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“The Benefit of the Doubt” in Asylum Law

United Kingdom , March 2, 2015

"The benefit of the doubt" is best understood, not as an independent principle to be ranked alongside the lower standard of proof, but rather as an integral part of such a standard.

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Forced Removals to Somalia Continue in the Netherlands

THE NETHERLANDS, March 1, 2015

On February 3, 2015 the highest administrative court in the Netherlands—the Dutch Council of State—handed down its judgment in a case concerning the lawfulness of an asylum seeker’s detention pending removal to Somalia.

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Establishing a Common European Asylum System by Leaving European Human Rights Standards Behind: Is this the Way Forward?

European Union, February 4, 2015

Things have definitely come to a head between the two European Courts, and for the time being, reconciliation is nowhere in sight [...] Should push come to shove, and national authorities be placed before a real dilemma between respecting EU Law or respecting ECHR Law, the ECJ might find that its judicial policy is not conducive to the authority and uniform application of EU Law [...] The irony is that, in following its perilous course, the ECJ is striving to place the Union’s AFSJ and CEAS on solid foundations. In fact, it is undermining them, along with human rights protection in the EU and beyond. Consider this: should the NS test eventually supplant the Soering test in the operation of the Dublin system, the ECJ will effectively have built a “systemic deficiency” – a rule producing serial violations of the prohibition of inhuman or degrading treatment.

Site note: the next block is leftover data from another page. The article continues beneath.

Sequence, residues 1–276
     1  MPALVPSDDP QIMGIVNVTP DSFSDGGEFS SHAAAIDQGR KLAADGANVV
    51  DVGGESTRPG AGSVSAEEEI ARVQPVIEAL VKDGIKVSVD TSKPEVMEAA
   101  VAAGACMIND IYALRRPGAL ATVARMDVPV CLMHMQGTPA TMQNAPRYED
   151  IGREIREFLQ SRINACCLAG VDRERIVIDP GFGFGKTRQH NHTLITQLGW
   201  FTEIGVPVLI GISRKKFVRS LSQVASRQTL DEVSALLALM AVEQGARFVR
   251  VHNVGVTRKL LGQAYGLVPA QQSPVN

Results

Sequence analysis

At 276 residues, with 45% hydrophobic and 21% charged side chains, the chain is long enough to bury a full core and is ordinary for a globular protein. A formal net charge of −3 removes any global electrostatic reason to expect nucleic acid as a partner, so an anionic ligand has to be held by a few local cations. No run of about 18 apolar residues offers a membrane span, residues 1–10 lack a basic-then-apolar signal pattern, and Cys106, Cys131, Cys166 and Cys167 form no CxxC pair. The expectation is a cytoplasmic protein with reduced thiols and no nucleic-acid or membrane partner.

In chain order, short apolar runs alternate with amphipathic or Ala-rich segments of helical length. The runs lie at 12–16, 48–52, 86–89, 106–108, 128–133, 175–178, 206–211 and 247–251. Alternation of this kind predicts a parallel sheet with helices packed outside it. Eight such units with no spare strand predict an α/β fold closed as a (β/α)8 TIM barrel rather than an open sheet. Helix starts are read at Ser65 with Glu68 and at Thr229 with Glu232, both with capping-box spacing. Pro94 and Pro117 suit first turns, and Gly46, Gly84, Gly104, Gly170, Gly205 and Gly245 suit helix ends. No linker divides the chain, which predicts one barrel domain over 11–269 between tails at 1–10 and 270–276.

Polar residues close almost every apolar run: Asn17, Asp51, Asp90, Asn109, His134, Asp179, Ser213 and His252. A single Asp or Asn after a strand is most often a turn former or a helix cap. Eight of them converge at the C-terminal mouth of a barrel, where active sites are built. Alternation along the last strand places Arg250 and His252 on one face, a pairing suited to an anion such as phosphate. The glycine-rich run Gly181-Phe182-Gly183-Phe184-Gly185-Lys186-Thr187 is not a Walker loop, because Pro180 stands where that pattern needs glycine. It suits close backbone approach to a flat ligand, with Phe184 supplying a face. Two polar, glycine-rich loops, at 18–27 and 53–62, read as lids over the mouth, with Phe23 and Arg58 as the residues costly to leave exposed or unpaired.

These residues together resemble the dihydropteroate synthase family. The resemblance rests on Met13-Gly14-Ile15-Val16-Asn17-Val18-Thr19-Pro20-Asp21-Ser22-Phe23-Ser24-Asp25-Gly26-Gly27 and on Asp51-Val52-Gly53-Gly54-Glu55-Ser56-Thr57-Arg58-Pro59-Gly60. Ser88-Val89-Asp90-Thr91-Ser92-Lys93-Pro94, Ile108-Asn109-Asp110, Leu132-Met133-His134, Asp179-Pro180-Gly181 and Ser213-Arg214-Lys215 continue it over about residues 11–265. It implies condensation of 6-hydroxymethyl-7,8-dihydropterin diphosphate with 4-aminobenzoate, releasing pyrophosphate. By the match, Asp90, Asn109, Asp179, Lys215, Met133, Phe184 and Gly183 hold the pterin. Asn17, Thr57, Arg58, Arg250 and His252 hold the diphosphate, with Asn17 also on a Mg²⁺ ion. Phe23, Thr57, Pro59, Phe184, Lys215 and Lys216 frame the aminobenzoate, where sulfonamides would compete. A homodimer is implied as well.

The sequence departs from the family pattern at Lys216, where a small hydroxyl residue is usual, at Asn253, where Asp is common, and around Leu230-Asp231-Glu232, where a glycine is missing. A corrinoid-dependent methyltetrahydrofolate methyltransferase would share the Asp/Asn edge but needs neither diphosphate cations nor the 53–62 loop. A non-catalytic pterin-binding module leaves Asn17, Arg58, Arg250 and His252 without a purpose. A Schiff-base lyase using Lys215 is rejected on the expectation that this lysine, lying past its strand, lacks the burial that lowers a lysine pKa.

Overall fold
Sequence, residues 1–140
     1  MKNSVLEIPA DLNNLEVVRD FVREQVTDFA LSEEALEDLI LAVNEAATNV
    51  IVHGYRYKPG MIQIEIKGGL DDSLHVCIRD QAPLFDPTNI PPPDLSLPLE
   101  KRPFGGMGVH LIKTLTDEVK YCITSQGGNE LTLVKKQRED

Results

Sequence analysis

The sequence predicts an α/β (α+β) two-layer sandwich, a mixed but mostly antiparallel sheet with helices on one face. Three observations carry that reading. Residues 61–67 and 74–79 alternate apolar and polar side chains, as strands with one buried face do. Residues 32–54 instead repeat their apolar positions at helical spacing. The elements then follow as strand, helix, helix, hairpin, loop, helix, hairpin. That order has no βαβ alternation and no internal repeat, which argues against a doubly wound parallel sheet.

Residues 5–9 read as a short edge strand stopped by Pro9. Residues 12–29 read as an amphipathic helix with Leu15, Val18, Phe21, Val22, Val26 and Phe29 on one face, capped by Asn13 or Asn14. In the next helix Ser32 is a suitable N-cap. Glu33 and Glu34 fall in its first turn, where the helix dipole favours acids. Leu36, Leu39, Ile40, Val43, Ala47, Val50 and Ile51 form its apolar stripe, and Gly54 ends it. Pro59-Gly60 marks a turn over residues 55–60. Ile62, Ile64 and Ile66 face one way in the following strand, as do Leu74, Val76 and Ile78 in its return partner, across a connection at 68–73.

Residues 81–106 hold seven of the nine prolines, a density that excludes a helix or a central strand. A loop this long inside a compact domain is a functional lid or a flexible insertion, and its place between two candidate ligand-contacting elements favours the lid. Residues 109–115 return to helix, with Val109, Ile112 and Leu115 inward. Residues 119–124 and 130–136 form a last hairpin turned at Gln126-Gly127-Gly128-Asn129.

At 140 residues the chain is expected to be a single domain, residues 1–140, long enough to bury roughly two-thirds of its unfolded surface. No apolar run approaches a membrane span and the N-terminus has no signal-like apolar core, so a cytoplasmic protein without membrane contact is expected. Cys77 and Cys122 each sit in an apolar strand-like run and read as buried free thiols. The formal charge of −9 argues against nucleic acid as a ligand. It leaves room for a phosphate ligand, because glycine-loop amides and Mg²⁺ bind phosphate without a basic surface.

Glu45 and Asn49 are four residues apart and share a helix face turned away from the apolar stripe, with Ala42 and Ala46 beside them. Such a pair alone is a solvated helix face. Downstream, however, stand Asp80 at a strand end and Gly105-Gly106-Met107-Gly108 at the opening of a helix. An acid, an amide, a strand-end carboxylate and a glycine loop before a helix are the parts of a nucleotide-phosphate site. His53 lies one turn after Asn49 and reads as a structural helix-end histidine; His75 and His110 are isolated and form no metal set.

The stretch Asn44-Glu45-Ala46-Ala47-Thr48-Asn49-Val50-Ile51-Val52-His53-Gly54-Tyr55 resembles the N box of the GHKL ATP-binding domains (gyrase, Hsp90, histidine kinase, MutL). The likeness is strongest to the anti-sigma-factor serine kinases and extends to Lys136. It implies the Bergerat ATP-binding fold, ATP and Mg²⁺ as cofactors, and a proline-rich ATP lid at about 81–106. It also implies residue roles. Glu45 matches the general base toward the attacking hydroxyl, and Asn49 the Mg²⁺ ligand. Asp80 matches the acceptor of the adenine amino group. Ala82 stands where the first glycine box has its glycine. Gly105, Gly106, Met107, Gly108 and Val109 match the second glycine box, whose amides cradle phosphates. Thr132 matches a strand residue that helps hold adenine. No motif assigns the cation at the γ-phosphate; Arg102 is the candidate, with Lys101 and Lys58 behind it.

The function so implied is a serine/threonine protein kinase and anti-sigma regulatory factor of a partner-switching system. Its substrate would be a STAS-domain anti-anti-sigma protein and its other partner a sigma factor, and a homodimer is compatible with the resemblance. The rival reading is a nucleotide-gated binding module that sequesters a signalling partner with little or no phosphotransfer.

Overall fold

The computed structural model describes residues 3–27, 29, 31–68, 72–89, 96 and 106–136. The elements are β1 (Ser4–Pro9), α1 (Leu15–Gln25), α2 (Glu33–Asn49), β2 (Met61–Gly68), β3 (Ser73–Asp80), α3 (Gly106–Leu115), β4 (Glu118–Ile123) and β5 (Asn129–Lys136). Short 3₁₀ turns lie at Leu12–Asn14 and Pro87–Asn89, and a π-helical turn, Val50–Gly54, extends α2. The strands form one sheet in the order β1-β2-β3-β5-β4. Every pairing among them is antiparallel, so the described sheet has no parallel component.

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One Year after the Korean Refugee Act

South Korea, January 7, 2015

The Republic of Korea became a signatory of the Refugee Convention in 1992, shortly thereafter inserting just a few articles into its domestic immigration laws to adhere to the required procedures of refugee recognition under the Convention. By 2008, applications for refugee status had not exceeded 2,000, and the number of recognized refugees remained around 100. While it was undeniable that Korea had made steady progress in refugee protection, the pace was deemed unsatisfactory and public criticism was common. In 2012, the South Korean parliament passed Law No. 11298 of 2012, Refugee Act [hereinafter “Refugee Act”], which went into effect in 2013, making the Republic of Korea the first Asian country to have an independent law for refugee protection.

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No Refuge From Climate Change

New Zealand, December 8, 2014

In a June 4, 2014 decision the New Zealand Immigration and Protection Tribunal dismissed a Tuvalu family’s appeal from a 2013 Refugee Status Branch decision denying them refugee and protected persons status, while contemporaneously issuing a separate opinion granting residence visas to the very same family.